Wilde at Heart

Don't sell melodrama short: Oscar Wilde's A Woman of No Importance still grabs an audience by the throat

One of the intriguing dividends of theater in the round is that in addition to watching the play, you can observe the audience. The audience reaction to the opening-night performance of the ACT Inc. production of Oscar Wilde's A Woman of No Importance was revealing indeed.

Before the play began, a sense of expectation hovered over the packed house. Viewers knew they were about to see an infrequently produced comedy by one of the wittiest dramatists of all time. And indeed, in the early going, Wilde's celebrated epigrams ("moderation is a fatal thing; nothing succeeds like excess") elicited their expected laughs.

But after several minutes, that laughter began to ebb. Many of the epigrams were no longer topical or even relevant. As they continued to be hurled like baseballs in a batting cage, restlessness overtook the audience. Then, quite abruptly, the maxims subsided and the melodramatic plot kicked in. Once it took hold, it never let go. What's the moral here? Don't sell melodrama short. When well acted, it is still capable of grabbing an audience by the throat.

Liz Hopefl and Ray Shea in the ACT Inc. production of A Woman of No Importance
Liz Hopefl and Ray Shea in the ACT Inc. production of A Woman of No Importance

A Woman of No Importance concerns Lord Illingworth, a rising British politician who has chosen the wholesome young Gerald Arbuthnot to be his private secretary. But when the boy's mother learns of the prestigious appointment, she does all in her power to stop it. Why? That's the mystery at the core of the evening. Sandwiched between bons mots and one-liners, the plot is thick with secrets and revelations, guilt and forgiveness. On the surface, Wilde's melodrama may be a comedy of manners, but its title character, Mrs. Arbuthnot, does not share in the laughter, for she has endured a life of shame, suffering and sorrow.

Watching Liz Hopefl's beautifully calibrated performance as Mrs. Arbuthnot, I was reminded of the occasion when an actress asked Dame Judith Anderson how to use a fan in a period comedy. "It's not the fan," Dame Judith replied. "It's the eyes." Here, as several other actresses busily flutter their fans in a futile attempt at period style, Hopefl doesn't bother to strive for period -- she strives for truth. Her weary, haunted eyes are just one element of this compassionate performance. Although the actress does not even appear in the evening's first third, the moment she arrives onstage, she turns the play inside out. Forget about the blithe, lazy goings-on that precede her entrance; Hopefl brings a sense of dramatic urgency to the proceedings.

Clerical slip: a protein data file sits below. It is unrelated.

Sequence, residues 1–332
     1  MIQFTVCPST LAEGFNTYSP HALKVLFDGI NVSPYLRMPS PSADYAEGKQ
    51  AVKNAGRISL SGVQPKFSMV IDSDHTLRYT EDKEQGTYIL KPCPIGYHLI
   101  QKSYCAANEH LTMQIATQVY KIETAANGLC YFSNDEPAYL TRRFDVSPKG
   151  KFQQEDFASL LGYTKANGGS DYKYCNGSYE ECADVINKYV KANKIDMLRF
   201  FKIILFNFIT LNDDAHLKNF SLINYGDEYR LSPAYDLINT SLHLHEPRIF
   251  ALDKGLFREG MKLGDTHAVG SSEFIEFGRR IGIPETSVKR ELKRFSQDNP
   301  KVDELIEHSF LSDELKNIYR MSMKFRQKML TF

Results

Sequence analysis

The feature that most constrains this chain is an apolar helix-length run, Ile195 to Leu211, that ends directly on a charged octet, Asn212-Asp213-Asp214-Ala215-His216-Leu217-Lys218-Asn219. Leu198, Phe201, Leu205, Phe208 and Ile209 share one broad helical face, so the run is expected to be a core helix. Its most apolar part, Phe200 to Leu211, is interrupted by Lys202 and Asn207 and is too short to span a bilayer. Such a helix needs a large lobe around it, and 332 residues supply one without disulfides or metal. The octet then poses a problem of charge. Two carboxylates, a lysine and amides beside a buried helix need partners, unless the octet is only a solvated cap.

As Lord Illingworth, Ray Shea is saddled with the dilemma of choosing how to deliver Wilde's epigrams. Do you toss them off lightly, as if you don't know how funny they're supposed to be? Or do you go for the jokes? Shea takes his cue from Lord Illingworth's line "A man who can dominate a London dinner table can dominate the world." This lord knows precisely how witty he is; thus Shea tends to attack each line head-on, as if he's Mark McGwire swinging for an out-of-the-park home run. I fear he's made the right choice with the wrong material: Sadly, Lord Illingworth is no longer the wiseacre Wilde intended him to be.

But then, a rueful sadness hangs over the entire evening. When, early in Act 1, a bored grande dame complains, "Danger has become so rare in modern life," then proceeds to savor the advantages "of playing with fire," the lines burn with irony, for we have the hindsight of knowing what came next. Three years after this comedy's successful premiere in 1892, Wilde himself brazenly played with fire when he sued his lover's father for slander, well knowing that the father's accusations about the playwright's homosexuality were true. The trial exploded in plaintiff Wilde's face. His dazzling career came to a sudden halt when, to his disbelief, he was sentenced to two years in prison for sodomy. Three years after his release from Reading Gaol, England's most flamboyant literary light died in disgrace at age 46.

There's little need to consider Wilde's wasted life while watching The Importance of Being Earnest, his most enduring, and most frequently produced, comedy. Earnest, after all, is sheer escapism. But A Woman of No Importance provides an insightful glimpse into the scandal and hypocrisy that were the underbelly of Oscar Wilde's existence and which surely he never intended to expose onstage. One hundred and ten years later -- with special thanks for Liz Hopefl's memorable performance -- this rarely seen comedy/melodrama still provides a resonant and rewarding evening of theater.

 
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